Dave Douglas' In Our Lifetime
This page presents some discussion and samples from Dave Douglas' 1995 release
In Our Lifetime, New World/Countercurrents 80471-2, along with corresponding
samples from Booker Little's Out Front and Victory and Sorrow
Douglas' record is a brilliant tribute to music that was played many
years ago, but is completely contemporary, as expressed in the title "In
our lifetime". Douglas told me that he spent a lot of time listening
to music from the late 50s - early 60s in preparation for composing the
music on this CD. Booker Little was out front in this process, obviously,
as he includes 3 Little compositions, and was directly inspired by Booker
in several of his original works.
The musicians participating in this ensemble are Dave Douglas (trumpet),
Chris Speed (clarinet and tenor sax), Josh Roseman (trombone), Uri Caine
(piano), James Genus (bass), Joey Baron (drums), and Marty Ehrlich (bass
clarinet on "In Our Lifetime"). The sessions took place December
7 and 8, 1994 at Power Station, NYC. See Patrice Roussel's discography
for a fairly complete list of Douglas' work. Also note Francis Davis' remarks
in this interview
in Atlantic Magazine.
Douglas says he is attracted to the open forms provided by Little, by the
long forms that don't consist of simple phrases, and by the space given
to soloists in the sense of providing structures that still allow the soloist
to play freely.
The complete track listing for the CD is:
- In Our Lifetime (Dave Douglas) [10:16]
- Three Little Monsters (Dave Douglas) [5:20]
- Forward Flight (Booker Little) [6:54]
- The Persistence of Memory (Dave Douglas) [4:37]
- Out in the Cold (Dave Douglas) [6:26]
- Strength and Sanity (Booker Little) [4:47]
- Four Miniatures after Booker Little (Dave Douglas)
- Sappho [0:49]
- At Dawn [4:07]
- Shred [2:41]
- Rapid Ear Movement [1:36]
- Moods in Free Time (Booker Little) [5:40]
- Bridges (for Tim Berne) (Dave Douglas) [17:44]
- Moods in Free Time
Douglas' intro (704K), first 1:25 or so. Douglas
opens the piece by playing 8 bars over a 2-chord vamp, then plays a fairly
spritely version of part of the tune. His solo begins after a single chorus
of the theme, and the whole tune (actually just the 5/4 section) is only
played following his solo. Little enters with a more formal rendition of
the composition from the start. The piece has 8 bars
in 3/4 (112K), a long section in 5/4 and 4/4
(392K), then a slow section in 6/4 (280K), before
leading smoothly into the solos over the vamp (in 6/4). Here is a bit of
Booker's solo (264K), about which Nat Hentoff
wrote: "I find Booker's playing here - with its resemblance to a Spanish
flamenco singer or a Jewish cantor - exceptionally moving." Hentoff's
remarks can be equally applied to Douglas' solo:
End of Douglas' solo (320K) from about 1:48 to
2:26 or so
Dave plays pained pleading lines over the 2-chord ensemble vamp.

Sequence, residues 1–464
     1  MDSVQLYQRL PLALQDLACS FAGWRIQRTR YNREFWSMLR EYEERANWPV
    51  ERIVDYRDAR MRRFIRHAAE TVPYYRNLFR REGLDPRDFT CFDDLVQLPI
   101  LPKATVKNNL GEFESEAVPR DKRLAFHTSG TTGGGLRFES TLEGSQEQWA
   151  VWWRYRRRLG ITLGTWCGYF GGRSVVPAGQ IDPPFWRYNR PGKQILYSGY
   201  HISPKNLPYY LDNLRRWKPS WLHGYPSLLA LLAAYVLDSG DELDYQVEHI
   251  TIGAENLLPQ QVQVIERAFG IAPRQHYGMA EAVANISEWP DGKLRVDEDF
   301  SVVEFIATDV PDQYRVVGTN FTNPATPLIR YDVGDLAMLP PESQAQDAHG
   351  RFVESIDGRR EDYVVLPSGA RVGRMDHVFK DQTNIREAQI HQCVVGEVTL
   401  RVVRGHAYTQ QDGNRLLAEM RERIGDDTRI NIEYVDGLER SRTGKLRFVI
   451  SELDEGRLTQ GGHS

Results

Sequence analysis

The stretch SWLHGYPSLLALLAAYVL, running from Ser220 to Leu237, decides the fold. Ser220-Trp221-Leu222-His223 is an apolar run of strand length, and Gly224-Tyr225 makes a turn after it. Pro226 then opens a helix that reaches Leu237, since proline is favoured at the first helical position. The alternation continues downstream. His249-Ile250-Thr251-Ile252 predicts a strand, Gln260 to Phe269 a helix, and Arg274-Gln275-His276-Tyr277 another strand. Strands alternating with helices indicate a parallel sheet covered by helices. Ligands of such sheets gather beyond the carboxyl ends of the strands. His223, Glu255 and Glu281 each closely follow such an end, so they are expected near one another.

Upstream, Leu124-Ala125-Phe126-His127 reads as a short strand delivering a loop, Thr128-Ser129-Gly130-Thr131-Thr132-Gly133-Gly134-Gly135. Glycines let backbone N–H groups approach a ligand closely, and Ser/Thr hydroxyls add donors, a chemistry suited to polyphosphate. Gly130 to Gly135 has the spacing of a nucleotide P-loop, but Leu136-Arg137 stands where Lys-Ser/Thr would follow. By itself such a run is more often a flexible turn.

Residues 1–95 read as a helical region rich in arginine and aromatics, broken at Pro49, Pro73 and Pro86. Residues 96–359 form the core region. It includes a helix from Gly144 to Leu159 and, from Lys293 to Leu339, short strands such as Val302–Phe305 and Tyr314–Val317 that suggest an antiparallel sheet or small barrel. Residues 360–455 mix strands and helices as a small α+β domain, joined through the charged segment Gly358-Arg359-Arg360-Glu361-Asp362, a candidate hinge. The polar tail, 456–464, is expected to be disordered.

Douglas obviously gave a lot of thought to his arrangement of this wonderful
piece, rendering its simplicity further out front. Note the use of just
piano accompaniment behind Chris Speed's clarinet solo.
- Forward Flight
Introduction Douglas' version (144K)
first 16 seconds
Little's version (192K) first 24 seconds
Douglas uses this behind the opening trombone solo.
Fast Theme Douglas' version (280K) ~ 2:38
Little's version (368K) ~ 0:25 to 1:10
This consists of a beautiful ABA head.
Slow Theme Douglas' version (280K) ~ 3:12
Little's version (256K) ~ 1:12 to 1:44
Trumpet solo First part of Little's solo
(392K) ~ 1:48 to 2:37
End of Little's solo and beginning of Coleman's (568K)
~ 2:37 to 3:49
Douglas' solo (576K) ~ 3:48 to 5:02
This solo is a great example of Douglas' playing. He starts way down sounding
like a trombone, goes on to use his full range in a highly inventive story
he delivers above the contrasting piano accompaniment, and finally leads
smoothly into the tenor solo as did Booker. The low quality of this reproduction
doesn't allow his tone to be properly appreciated.
- Strength and Sanity
Douglas' opening (472K) Little's
The piece begins with a piano introduction, then this section ("strength"?).
Douglas' sanity (560K) Little's
This is the rest of the opening statement ("sanity"?). Max's use
of the cowbell may just be bringing Bud's Un Poco Loco to mind.
This is followed by a very expressive Little solo, or by a brief interlude
featuring Uri Caine in Douglas' version.
Douglas' ending (528K) Little's
These samples are taken from the final minute or so, and include a bit of
trumpet leading into the restatement of the "sanity" themes.
Entire composition (408K)
This tune consists of a blues theme that Douglas plays a couple of increasingly
abstract variations on then restates, with brief ensemble chords appearing
4 times at intervals of about 10 seconds.
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Date created: 7/1/96
Last modified: 12 December 2005
Maintained by: Alan Saul